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Wednesday, June 24, 2020

How to Fight Summer Depression

How to Fight Summer Depression How to Fight Summer Depression How to Fight Summer Depression How to Fight Summer Depression How to Fight Summer Depression How to Fight Summer Depression How to Fight Summer Depression How to Fight Summer Depression How to Fight Summer Depression How to Fight Summer Depression How to Fight Summer Depression How to Fight Summer Depression How to Fight Summer Depression How to Fight Summer Depression How to Fight Summer Depression How to Fight Summer Depression How to Fight Summer Depression

Though summertime is often a time of fun and excitement for many people, the summer blues are common to many others, as well. You may have difficulty coping with the heat, body issues, or perhaps memories of past summers that you can’t seem to forget. In any case, if you assess the causes, work to beat the depression, and focus on enjoying your summer, you can fight the summer blues.


[Edit]Assessing the Causes

  1. Assess potential causes. Many people suffer from sadness or depression during certain seasons of the year, particularly winter or summer. If you are suffering from depression, recognize that you are not alone and begin to consider the roots of your feelings. Consider if the following issues could be at the root of the problem:[1]
    Fight Summer Depression Step 1.jpg
    • Body issues—many begin to experience depression out of fear or anxiety of having to wear shorts or bathing suits during these months.
    • Financial issues—financial pressures can be more intensive in the summer when most are going on vacations, which are typically costly.
    • Heat—changes in weather can be at the root of your problem. The heat in many sectors of the world can be so intense that it can significantly lower your quality of life.
    • Loneliness—such as from seeing people around you go out and do things with other people.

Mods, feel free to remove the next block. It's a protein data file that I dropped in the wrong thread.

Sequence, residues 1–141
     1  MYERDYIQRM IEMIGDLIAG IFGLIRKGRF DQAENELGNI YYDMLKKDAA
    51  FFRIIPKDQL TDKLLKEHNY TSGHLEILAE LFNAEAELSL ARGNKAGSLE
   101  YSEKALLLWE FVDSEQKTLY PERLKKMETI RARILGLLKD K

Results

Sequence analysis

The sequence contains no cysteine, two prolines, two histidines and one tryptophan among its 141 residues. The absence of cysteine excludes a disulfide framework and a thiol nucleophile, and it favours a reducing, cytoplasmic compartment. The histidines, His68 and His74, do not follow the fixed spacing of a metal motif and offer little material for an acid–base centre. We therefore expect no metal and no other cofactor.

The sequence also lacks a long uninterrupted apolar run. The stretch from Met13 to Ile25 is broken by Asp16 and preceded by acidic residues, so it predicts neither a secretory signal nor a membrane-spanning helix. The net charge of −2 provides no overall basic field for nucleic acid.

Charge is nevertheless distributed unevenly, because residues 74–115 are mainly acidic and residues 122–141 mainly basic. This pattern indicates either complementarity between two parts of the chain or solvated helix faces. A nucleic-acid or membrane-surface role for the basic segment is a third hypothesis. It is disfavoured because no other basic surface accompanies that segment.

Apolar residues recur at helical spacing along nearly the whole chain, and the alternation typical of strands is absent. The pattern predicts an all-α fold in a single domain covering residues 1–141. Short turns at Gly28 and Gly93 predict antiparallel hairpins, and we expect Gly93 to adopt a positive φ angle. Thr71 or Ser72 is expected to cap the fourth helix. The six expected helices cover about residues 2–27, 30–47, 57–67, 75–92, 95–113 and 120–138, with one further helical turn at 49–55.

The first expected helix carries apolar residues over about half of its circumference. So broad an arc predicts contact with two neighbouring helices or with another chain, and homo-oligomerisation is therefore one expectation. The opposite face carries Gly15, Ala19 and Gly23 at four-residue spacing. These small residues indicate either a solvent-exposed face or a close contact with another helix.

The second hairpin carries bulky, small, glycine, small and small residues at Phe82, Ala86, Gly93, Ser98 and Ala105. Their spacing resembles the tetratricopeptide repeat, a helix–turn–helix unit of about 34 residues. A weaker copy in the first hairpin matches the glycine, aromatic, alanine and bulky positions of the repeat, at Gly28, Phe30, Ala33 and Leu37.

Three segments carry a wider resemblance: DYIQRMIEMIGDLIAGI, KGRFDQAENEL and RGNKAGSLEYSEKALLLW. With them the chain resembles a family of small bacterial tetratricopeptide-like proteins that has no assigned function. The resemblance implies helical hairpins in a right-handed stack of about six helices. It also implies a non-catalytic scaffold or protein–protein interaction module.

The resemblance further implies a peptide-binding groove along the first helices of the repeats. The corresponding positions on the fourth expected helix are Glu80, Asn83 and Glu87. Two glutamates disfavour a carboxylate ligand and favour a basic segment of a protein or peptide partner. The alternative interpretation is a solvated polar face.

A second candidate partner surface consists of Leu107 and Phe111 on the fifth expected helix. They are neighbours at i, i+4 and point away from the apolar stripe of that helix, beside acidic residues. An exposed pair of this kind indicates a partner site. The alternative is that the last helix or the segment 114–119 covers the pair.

2. Journal your thoughts. Though thinking about these issues is a helpful first step in understanding the issue, you can take it a bit further by writing out your thoughts in a journal or a diary. Many people process their thoughts better when they are on paper; this will also give you the opportunity to revisit your thoughts later to see if your mood and depression have improved or worsened.
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    • Write out thoughts like “I feel like I am the only person who feels sadness during the summer and like I can’t share these thoughts with others. But the heat really affects me and makes me want to avoid the world.”
  3. Talk to someone you trust. Though you may feel like this depression is unique only to you, know that others may be undergoing a similar issue or may be willing to listen even if they are not. Take some time to discuss your feelings with a friend, family member, or other confidant. Be open and honest with them. They may be able to help you or find ways for you to overcome your depression. Let them know what they can do to help you, such as spending time with you, and then you can return the favor to them sometime.
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    • You might say something like “Hey, I wanted to talk to you about something. I know that most people love it but I tend to get a little blue during the summer. Do you ever feel like that?”
    • Even if they say no, you can say “I was just wondering. It’s just that I have some body issues and the summer is so beach and pool focused that I find it hard to cope with sometimes.”
  4. Develop a plan to address the problem. Fighting summertime depression can be multi-pronged. Perhaps it’s the heat and financial issues that are troubling you. Carve out ways to address these issues so that you can make it through the summer as happy as possible and overcome this depression.
    Fight Summer Depression Step 4.jpg